I’m not going to lie – I almost failed at the starting blocks when it came to realising my first Wendy Ward pattern. Before cracking on with any of the projects in her Beginners Guide to Making Skirts, there’s the not so small hurdle of tracing off the pattern. And after half an hour of staring at a jumble of lines, I was almost ready to quit. But I’m a tenacious bugger, so I did the sensible thing and took a bit of time out to re-read Wendy’s instructions on Using Paper Patterns. And as if by magic, what seemed indecipherable began to take on coherent form and the markings for each pattern piece began to emerge before me.
After wavering between the Granville Wrap Skirt and the Roehampton Culottes, I settled on the latter and embraced the opportunity to attempt a pattern with two key measurements rather than one. Whilst my propensity for A-line is driven by an aesthetic preference, it’s also the best silhouette for my bottom heavy frame. But I’m conscious that I’ve been limiting myself by sticking to patterns that don’t call for much in the way of adjustments and decided that the time had come to step up.
I used the Sizing and Taking Measurements guidelines, to work out which line to highlight with my trusty Frixion. With a hip measurement of 107cm, I traced on 109cm from hem to hips and then blended between this and the next size down at the waist. However, I knew there would be further adjustments at the toile stage, as there’s at least two sizes between my waist and the hips I prefer to keep under wraps.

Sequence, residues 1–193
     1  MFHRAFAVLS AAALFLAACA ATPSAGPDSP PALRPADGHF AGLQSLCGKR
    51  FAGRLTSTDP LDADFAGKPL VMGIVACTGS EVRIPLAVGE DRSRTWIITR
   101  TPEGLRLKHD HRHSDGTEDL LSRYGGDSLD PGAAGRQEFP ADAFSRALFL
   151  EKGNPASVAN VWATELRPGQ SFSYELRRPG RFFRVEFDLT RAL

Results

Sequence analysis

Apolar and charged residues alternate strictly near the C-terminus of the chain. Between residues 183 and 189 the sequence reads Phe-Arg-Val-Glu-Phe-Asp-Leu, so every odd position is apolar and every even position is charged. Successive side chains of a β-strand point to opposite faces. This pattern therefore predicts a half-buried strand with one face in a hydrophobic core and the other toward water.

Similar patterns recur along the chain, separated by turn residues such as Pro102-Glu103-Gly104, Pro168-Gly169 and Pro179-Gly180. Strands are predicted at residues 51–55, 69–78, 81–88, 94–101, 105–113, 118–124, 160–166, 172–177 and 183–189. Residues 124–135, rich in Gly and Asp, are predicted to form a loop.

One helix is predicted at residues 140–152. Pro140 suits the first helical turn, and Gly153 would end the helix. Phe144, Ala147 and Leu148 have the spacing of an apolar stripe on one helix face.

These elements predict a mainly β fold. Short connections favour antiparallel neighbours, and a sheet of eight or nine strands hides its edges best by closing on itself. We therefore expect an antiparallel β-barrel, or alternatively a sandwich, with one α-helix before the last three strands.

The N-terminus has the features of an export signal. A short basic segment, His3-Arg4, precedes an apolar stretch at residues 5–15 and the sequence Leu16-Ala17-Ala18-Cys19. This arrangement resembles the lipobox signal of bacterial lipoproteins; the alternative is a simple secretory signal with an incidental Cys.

To bridge this gap, I increased the width of each dart by 1 cm and shaved up to 1cm off the front and back pattern pieces from hip to waist, making a total reduction of 6cm. I traced off the waistband piece which corresponded with my actual waist measurement and hey presto – it all came together like a dream.
Wendy’s book is split in two – the individual projects, followed by a techniques section at the end. This format empowers you to get into the driving seat and customise each pattern according to your whim. It also forces you to slow down as there are decisions to be made and skills to refer to at various key stages. It took me a while to adjust to the toing and froing but it wasn’t long before I was completely on board.
Thanks to the mode of presentation and clarity of instruction, these Roehampton culottes are by far my most well made make to date.